Ayton can carve out an NBA role from Day 1. As long as he brings the effort, his ability to run the floor, block shots and score off putbacks means he can contribute right away. Look what is happening with Jordan Bell in Golden State. Bell is older and more physically developed, but what makes him effective could be similar to how Ayton starts off in the league.
NBA scouts are going to want to see Ayton’s ability to hit jumpers. Ayton showed it at times in high school, and it will be interesting to see if the Arizona offense will allow him to pop out. We have seen college coaches are sometimes hesitant for their big men to play on the perimeter. It is something Ayton can showcase in pre-draft workouts if he does not get the opportunity to show his shooting ability in college.
The role of centers and power forwards in the NBA is evolving. It is hard to see the floor as a big man if you are not able to shoot. One of the exciting things about this draft class is some of the natural comparisons for players at the same position who are at a similar level of play. Ayton is going to be compared to Texas freshman Mo Bamba. Both project to be top ten draft picks in 2018, and their competition could bring out the best in each player as it did in high school.
No. 5 PG Collin Sexton, Alabama
There is not a player on this list I am more excited about than Sexton. Alabama has long been a football powerhouse, but Sexton could have the Bama faithful yelling “Roll Tide” long into March. Sexton reminds me of De’Aaron Fox, but not for his style of play. Though they have two very different games, Sexton has the same swagger and competitiveness Fox showed at Kentucky.
What can you expect from Sexton on the court? As his winning performance in the McDonald’s All-American Slam Dunk contest showed, Sexton can jump out of the gym. His teammates at Alabama better keep their head on a swivel as he has the ability to get his teammates the ball, when they least expect it.
Sexton is 6’3″ and 175 pounds, so like many players on this list, he could afford to get stronger. In addition to all the positive traits I’ve outlined, where Sexton really shines is his ability to score. Sexton is relentless at attacking the basket, but also can pull up from three to keep defenses honest. If you can only watch one player on this list, Sexton is the player to start with.
No. 6 F Kevin Knox, Kentucky
Knox has all the tools to develop into an offensive player that is impossible to defend in the NBA. Knox is a forward who does his best work on the perimeter. He is 6’9″ with a 7′ wingspan in the same build as a player like Otto Porter. Knox comes into Kentucky with handles and a jumper making it interesting to watch how John Calapari uses him.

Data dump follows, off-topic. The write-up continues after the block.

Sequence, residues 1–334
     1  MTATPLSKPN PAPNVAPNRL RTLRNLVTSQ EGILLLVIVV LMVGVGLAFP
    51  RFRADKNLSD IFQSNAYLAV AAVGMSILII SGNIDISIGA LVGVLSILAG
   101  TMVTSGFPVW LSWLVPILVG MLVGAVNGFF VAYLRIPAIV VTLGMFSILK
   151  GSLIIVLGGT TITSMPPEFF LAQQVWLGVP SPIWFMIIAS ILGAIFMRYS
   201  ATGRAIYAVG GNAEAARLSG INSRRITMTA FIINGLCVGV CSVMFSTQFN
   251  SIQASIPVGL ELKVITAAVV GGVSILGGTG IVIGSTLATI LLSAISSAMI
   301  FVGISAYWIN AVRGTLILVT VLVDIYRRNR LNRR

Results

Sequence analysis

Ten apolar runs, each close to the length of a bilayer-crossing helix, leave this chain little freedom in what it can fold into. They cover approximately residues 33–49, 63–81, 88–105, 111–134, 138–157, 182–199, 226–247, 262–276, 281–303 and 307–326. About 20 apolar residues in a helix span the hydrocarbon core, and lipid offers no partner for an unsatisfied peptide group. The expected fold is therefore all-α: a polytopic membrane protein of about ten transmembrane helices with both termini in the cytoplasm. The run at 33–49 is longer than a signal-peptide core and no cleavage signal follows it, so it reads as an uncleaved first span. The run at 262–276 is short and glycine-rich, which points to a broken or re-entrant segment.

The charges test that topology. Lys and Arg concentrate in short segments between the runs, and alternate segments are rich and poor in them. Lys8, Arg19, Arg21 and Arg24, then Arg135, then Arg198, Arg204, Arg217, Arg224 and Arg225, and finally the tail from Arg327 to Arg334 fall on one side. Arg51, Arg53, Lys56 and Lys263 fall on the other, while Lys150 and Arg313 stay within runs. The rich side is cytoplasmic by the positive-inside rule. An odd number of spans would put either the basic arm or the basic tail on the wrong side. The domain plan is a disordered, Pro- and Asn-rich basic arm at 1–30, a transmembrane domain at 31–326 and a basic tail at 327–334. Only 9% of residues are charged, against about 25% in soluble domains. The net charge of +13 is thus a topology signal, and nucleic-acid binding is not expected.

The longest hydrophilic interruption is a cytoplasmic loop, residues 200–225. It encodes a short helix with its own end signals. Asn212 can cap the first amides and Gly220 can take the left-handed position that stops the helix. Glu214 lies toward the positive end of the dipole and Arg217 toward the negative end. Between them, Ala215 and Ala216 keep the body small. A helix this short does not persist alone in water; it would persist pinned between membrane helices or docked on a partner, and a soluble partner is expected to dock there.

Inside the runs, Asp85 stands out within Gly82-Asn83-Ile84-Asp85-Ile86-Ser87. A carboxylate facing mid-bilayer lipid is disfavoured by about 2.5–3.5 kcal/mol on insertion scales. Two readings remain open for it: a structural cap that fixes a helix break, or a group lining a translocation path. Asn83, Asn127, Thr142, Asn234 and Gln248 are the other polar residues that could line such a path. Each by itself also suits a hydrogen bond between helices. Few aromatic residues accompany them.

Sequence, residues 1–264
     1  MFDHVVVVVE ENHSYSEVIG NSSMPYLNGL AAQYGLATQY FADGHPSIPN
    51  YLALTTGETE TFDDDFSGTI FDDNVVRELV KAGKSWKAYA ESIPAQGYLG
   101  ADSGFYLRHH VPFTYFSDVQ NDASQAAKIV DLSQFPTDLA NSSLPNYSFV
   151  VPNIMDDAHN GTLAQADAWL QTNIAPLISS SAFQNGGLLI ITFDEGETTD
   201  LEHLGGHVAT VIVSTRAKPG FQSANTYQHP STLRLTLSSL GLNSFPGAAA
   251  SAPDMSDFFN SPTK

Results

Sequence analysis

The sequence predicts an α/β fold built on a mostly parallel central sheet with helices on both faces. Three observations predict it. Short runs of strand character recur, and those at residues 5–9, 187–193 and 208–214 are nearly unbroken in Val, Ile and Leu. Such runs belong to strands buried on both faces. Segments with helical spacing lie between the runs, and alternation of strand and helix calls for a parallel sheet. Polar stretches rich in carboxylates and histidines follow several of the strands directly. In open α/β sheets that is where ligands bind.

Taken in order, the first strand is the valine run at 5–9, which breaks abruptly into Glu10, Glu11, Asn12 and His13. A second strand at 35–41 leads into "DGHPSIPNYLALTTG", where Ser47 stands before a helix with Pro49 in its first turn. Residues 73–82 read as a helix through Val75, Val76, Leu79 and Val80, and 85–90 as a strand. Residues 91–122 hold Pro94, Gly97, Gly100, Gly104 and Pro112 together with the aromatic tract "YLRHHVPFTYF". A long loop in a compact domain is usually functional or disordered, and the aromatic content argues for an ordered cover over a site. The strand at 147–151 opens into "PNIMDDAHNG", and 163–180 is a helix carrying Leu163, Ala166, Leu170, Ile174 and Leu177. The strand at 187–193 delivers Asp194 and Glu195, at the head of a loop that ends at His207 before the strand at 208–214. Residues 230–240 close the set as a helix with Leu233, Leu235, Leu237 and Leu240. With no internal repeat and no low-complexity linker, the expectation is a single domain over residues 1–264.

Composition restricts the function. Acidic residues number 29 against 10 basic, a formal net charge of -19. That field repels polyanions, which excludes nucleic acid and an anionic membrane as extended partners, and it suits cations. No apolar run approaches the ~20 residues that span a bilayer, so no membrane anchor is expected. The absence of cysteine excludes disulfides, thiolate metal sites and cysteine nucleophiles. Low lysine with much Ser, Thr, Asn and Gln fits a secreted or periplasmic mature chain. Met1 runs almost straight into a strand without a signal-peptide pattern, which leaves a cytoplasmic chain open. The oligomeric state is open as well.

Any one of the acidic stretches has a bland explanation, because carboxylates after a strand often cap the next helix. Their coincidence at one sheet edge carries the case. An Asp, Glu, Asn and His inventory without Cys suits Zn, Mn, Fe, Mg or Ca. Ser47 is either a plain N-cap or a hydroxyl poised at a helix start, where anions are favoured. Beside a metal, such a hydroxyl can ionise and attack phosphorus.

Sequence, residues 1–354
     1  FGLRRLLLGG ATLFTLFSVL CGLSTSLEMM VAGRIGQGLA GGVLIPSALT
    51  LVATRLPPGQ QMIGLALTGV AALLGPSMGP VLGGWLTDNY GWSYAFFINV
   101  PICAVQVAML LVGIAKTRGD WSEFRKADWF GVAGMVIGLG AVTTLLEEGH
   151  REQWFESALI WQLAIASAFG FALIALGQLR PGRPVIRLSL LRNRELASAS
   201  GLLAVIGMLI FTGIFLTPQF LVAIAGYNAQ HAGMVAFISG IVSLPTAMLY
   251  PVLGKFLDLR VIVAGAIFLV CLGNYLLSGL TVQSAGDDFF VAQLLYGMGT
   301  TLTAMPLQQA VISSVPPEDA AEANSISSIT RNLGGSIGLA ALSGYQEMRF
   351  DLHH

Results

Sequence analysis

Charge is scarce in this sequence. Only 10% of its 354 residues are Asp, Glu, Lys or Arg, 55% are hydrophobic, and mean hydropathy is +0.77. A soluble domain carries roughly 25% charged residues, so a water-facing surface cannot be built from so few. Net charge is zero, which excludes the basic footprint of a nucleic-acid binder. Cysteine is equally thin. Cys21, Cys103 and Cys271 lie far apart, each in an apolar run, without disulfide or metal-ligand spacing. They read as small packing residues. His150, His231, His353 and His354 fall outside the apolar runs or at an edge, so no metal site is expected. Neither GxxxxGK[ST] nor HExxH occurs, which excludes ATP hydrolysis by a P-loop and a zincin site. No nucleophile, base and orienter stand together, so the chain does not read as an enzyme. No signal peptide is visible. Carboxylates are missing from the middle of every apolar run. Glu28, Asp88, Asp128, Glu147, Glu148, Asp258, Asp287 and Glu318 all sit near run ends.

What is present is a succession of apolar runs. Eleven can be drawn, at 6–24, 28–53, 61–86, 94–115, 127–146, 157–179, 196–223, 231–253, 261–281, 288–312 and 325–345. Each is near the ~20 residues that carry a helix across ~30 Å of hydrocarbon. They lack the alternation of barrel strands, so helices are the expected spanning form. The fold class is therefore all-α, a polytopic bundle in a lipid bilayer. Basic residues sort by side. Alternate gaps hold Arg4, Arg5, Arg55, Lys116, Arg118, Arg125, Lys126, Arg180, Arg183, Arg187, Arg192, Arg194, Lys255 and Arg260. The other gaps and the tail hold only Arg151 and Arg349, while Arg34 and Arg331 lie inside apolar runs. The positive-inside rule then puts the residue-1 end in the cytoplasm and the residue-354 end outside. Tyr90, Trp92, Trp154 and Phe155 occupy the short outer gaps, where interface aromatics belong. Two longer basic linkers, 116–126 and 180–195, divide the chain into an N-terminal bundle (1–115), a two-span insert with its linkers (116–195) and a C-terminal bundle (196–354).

According to TampaBay.com, Knox had offers to play professionally in China for a year, but opted to head to Lexington to play under Coach Cal. Wildcats fans should not expect to see him past this season if all goes as planned.
“That’s written on my bedroom wall, to be a one-and-done,” Knox told TampaBay.com. “A lot of people project that I’ll do that. But it’s not done yet. I still have to work hard for it.”
No. 7 C Mohamed Bamba, Texas
Bamba is a big man that looks very comfortable on the perimeter. This is not a big man that needs to develop a jumper in college, as he is entering Austin with a jumper intact. My biggest question about Bamba heading into the college basketball season is whether he can be the kind of offensive player that a team can pass the ball to in the post, and let him go to work.
My sense is Bamba is going to start out by getting most of his points off jump shots and putbacks. Bamba brings a lot of athleticism to the table which helps him block shots, rebound and run the floor. He will need to get stronger over the next year, but at 7’0″ he has the frame to put on weight. ESPN lists Bamba at just 216 pounds, but he has a crazy 7’9″ wingspan to go with his slender body type.
We would be remiss not to mention Bamba’s brother, Ibrahim Johnson, accusations that Bamba accepted improper gifts during the recruiting process. CBS Sports Gary Parrish provides context to Johnson’s claims.
‘He’s not going to play this year in the NCAA because I already reported him to the NCAA — and I’m already going to meet with the NCAA,’ said Ibrahim Johnson, Bamba’s brother [via a Facebook video]. ‘He’s not going to play this year. … I exposed that kid.’